Architect I. M. Pei had his 100th birthday on April 26, 2017.
From the archives at LIFE Magazine, the memorial edition for John F. Kennedy after his death in 1963 featuring a portrait by Karsh from 1960.
TIME Magazine’s “100 Most Influential Images of All Time” naturally includes Karsh’s “Roaring Lion” portrait of Winston Churchill.
The Los Angeles Dodgers unveiled the first statue in Stadium history.
“Celebrating the Negative” is a study of the original film on which famous images have been captured by some of the most important photographers from the 19th and 20th centuries.
Joan Baez was inducted into the Rock and Roll Hall of Fame in 2017’s award ceremony.
Over in Postal History Corner, a blog from the Canadian Postal and Philatelist Society, you can read all about the process of producing a stamp in 1952.
From the archives at LIFE Magazine. This cover from 1961 features a less well-known color portrait of Ernest Hemingway.
In the April 3rd, 2017, issue of Macleans, Christine Sismondo wrote an article titled: “The history and lessons of those ‘lock her up’ chants. What history – including the career of Agnes Macphail – can tell us about this fraught moment for women in politics.”
David Rockefeller, the banker and philanthropist, has died aged 101.
Extracts from letters between Benjamin Britten and Peter Pears have gone on display at the Red House.
Editorials that featured Fidel Castro by Yousuf Karsh in the week after Castro died.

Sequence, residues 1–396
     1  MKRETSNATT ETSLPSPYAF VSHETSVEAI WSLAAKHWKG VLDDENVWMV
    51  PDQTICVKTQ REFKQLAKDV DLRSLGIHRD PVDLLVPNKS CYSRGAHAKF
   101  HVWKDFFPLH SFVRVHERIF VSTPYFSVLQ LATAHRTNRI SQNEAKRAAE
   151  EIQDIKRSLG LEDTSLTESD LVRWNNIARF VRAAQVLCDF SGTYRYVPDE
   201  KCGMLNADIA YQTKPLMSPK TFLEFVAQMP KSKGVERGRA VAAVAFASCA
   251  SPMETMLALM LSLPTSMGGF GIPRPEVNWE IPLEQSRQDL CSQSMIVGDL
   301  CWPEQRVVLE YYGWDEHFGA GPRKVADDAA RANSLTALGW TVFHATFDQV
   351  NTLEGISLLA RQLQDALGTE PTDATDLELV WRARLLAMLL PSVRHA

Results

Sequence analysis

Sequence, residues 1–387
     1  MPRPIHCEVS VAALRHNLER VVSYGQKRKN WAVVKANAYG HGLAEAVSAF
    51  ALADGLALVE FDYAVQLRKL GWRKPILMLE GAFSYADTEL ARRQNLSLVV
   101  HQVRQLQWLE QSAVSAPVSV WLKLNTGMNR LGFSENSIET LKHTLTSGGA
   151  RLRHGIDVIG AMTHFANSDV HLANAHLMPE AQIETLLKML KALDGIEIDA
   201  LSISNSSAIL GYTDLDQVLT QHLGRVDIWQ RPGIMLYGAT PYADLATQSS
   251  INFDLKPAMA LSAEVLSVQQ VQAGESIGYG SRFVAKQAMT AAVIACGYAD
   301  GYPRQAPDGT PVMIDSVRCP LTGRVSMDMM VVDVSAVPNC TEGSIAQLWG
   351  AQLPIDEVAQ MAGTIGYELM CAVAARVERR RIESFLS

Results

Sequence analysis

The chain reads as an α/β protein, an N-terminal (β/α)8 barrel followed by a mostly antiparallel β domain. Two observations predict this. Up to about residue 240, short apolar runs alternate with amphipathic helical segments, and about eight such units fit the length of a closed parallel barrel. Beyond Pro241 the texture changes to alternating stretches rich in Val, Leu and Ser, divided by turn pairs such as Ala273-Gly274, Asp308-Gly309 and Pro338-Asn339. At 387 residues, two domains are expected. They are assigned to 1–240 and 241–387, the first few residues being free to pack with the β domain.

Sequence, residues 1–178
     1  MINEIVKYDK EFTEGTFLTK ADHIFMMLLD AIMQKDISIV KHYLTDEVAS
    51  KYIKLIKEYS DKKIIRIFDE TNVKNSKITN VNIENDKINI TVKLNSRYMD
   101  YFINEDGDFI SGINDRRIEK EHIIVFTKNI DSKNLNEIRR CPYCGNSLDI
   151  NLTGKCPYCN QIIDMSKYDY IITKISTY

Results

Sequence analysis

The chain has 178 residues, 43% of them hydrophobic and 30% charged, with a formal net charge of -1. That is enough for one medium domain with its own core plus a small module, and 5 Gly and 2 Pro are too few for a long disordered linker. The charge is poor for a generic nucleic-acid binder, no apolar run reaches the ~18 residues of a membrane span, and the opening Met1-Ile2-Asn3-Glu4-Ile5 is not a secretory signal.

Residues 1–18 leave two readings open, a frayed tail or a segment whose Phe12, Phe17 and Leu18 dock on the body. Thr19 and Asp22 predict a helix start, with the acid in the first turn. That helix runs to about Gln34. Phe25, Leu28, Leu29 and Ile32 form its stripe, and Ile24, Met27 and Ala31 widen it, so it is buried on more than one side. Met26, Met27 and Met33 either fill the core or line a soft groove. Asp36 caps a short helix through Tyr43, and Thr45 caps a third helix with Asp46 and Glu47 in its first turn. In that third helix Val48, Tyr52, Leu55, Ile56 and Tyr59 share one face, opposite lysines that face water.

Estrellita Karsh was recognized as a Service Hero for the 2017 Class at Project 351’s Annual Launch and Service Day.
In a letter to the Ottawa Citizen, Lilly Koltun, PhD, Director General (ret’d), Portrait Gallery of Canada, writes: “Exhibit citizen Karsh’s collection”
Special permission was given for British author and politician Boris Johnson to use a colorized version of the portrait of Winston Churchill for the cover of his book.
Author, Nobel Peace Prize Winner, and Auschwitz survivor, Elie Wiesel, died in June, 2016.
After The Bank of England revealed a new plastic five pound note featuring Winston Churchill, ‘No Such Thing as The News’ discuss why the former prime minister looks so displeased in the photo.
In April, 2016, Britain’s Telegraph Magazine celebrated Queen Elizabeth’s 90th birthday with this cover featuring a Karsh portrait of Her Majesty.
No collection of Canadian photographs would be complete without the work of Yousuf Karsh.
On loan from the Museum of Fine Arts, Boston, “Yousuf Karsh: Icons of the Twentieth Century” provides an intimate view into the faces of leading figures in the arts, politics and the Golden Age of Hollywood.
Dancer and actress Betty Low, seen here in 1936, has died aged 100.
The developers were to Karsh’s own formulae because that is what he learned from his early years with George Nakash and John Garo – no Kodak packages.
Karsh’s camera of choice was large format: 8 by 10 with an interchangeable 4 by 5 back. He preferred tungsten lights because he could see the results playing across the faces of his subjects, and they were less disruptive than the flash of strobes.